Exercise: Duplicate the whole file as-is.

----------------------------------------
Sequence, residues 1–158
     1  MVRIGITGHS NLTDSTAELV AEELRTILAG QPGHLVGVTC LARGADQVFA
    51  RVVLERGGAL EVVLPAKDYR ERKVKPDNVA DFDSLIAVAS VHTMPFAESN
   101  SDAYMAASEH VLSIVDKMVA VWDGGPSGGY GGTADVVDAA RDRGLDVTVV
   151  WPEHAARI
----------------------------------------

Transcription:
Sequence, residues 1–158
     1  MVRIGITGHS NLTDSTAELV AEELRTILAG QPGHLVGVTC LARGADQVFA
    51  RVVLERGGAL EVVLPAKDYR ERKVKPDNVA DFDSLIAVAS VHTMPFAESN
   101  SDAYMAASEH VLSIVDKMVA VWDGGPSGGY GGTADVVDAA RDRGLDVTVV
   151  WPEHAARI